Indiana Jones and More about Choices . . .


“Choose wisely, my son!”

There is a particularly poignant scene in the third Indiana Jones movie, Indiana Jones and the Last Crusade, where the ancient Knight guarding the Holy Grail (Christ’s drinking cup or chalice) admonishes the Nazi treasure hunter and Indiana Jones to choose wisely.

As you may recall, the Nazi chose a very ornate golden chalice, believing it was “fit for a King”, while Indy chose a simple wooden “carpenter’s cup”!

indy chalice

Life is full of choices, some big, most small.  But choices still the same.  My tutor used to say that a successful life is nothing more than the culmination of a series of small choices, made daily.

But what guides our choices to be successful or not?  To be good choices or mistakes? To be right or wrong for us?  A choice is not a role of the dice, take it or leave it.  Choices are the result of a mental process that goes on inside of each one of us which guides our behaviour, in this case, the choice we make.

The mental process behind the act of choice is fundamental to our very survival, and also to the quality of our life along the way.

Choices that deal with survival are often clear cut.  Not always easy to implement, but we can often see clearly the path for survival.  Life and death choices made in the moment are often made instinctively.  The human species is hardwired for survival and unless the situation is totally hopeless, we quickly choose the choice with the greatest chance of survival at the moment.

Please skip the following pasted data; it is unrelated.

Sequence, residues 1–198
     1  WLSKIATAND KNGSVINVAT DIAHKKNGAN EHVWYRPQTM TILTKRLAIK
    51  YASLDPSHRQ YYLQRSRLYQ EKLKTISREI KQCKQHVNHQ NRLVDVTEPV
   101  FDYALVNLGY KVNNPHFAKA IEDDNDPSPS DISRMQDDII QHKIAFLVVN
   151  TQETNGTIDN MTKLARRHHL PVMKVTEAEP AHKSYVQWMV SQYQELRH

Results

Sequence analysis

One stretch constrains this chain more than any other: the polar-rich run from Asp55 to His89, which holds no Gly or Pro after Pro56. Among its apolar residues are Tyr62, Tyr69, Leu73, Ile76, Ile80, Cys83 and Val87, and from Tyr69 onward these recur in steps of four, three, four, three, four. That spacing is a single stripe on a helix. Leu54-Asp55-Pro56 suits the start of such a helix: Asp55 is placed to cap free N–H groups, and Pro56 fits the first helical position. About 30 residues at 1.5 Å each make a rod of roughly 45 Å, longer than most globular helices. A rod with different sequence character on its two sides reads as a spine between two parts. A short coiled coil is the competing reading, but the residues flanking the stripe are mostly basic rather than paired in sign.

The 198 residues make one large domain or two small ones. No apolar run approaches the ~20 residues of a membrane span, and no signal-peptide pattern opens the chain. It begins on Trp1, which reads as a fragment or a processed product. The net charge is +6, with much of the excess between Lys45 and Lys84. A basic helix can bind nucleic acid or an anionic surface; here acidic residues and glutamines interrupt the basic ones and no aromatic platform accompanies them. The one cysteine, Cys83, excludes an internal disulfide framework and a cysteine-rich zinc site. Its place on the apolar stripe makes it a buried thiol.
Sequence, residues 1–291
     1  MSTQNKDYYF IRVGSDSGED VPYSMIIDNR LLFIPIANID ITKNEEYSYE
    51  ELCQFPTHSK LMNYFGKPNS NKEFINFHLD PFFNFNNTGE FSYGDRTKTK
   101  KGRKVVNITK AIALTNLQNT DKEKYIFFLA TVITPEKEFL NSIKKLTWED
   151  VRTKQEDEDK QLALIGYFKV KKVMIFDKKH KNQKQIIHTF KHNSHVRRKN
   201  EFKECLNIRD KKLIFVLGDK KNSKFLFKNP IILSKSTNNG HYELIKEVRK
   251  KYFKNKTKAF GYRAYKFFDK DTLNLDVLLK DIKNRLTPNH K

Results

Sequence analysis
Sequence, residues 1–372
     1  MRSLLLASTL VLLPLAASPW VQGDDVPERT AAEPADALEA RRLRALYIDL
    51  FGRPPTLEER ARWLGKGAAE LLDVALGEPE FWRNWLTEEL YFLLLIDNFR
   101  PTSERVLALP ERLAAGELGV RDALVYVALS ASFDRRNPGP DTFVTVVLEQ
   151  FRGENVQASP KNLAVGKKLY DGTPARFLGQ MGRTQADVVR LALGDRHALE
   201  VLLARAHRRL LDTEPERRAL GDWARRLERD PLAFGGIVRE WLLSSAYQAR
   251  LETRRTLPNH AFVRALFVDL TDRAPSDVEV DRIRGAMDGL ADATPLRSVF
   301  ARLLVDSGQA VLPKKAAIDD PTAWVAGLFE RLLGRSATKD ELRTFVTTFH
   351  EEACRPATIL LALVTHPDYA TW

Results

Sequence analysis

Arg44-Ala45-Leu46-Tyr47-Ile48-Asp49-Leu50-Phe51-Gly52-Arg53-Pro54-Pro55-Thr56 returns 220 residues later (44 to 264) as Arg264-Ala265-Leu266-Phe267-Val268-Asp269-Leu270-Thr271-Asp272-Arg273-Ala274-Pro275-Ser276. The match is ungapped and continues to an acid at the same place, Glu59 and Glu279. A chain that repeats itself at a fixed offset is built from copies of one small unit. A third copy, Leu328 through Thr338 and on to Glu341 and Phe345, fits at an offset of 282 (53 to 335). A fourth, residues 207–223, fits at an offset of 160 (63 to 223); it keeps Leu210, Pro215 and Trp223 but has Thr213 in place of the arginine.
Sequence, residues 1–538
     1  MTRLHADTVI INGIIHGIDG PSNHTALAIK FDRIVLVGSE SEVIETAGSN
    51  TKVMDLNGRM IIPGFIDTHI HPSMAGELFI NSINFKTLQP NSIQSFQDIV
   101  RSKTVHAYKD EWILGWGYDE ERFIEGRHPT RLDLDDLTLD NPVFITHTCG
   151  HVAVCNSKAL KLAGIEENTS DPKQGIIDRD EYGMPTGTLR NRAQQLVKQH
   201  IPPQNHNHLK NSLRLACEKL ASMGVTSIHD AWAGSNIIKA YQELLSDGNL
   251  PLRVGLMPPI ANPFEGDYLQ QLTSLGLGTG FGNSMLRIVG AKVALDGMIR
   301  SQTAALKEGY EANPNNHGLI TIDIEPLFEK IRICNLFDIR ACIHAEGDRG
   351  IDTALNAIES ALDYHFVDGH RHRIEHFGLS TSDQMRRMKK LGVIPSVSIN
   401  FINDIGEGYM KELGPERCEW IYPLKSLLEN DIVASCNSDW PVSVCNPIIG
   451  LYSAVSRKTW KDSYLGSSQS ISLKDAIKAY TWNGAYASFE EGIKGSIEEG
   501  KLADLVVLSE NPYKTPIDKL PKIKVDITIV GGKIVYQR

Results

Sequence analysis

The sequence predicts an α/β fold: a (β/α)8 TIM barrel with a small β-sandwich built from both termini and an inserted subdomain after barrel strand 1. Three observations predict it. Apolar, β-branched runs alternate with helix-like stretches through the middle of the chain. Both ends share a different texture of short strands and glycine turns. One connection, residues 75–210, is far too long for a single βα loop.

But most choices are not life and death. And most choices are not just right or wrong.  A great deal of the choices we have to make as we go through life are choices between two rights!  Both have positive outcomes, yet we still have to choose (rarely can we change the situation and have it both ways).

Here is a real life example.  My daughter, now 13 and a very accomplished violinist, recently won first prizes for violin concerti (parts of a full concerto) in three separate categories at a music festival near London.  Needless to say, she was very happy.  As a result of her stunning performance, she has been invited back to play and compete, along with a few winners from the other musical instrument categories. They call it the Stars Festival and Competition, by invitation only.  This is a big honor and comes with a cash prize if she wins again.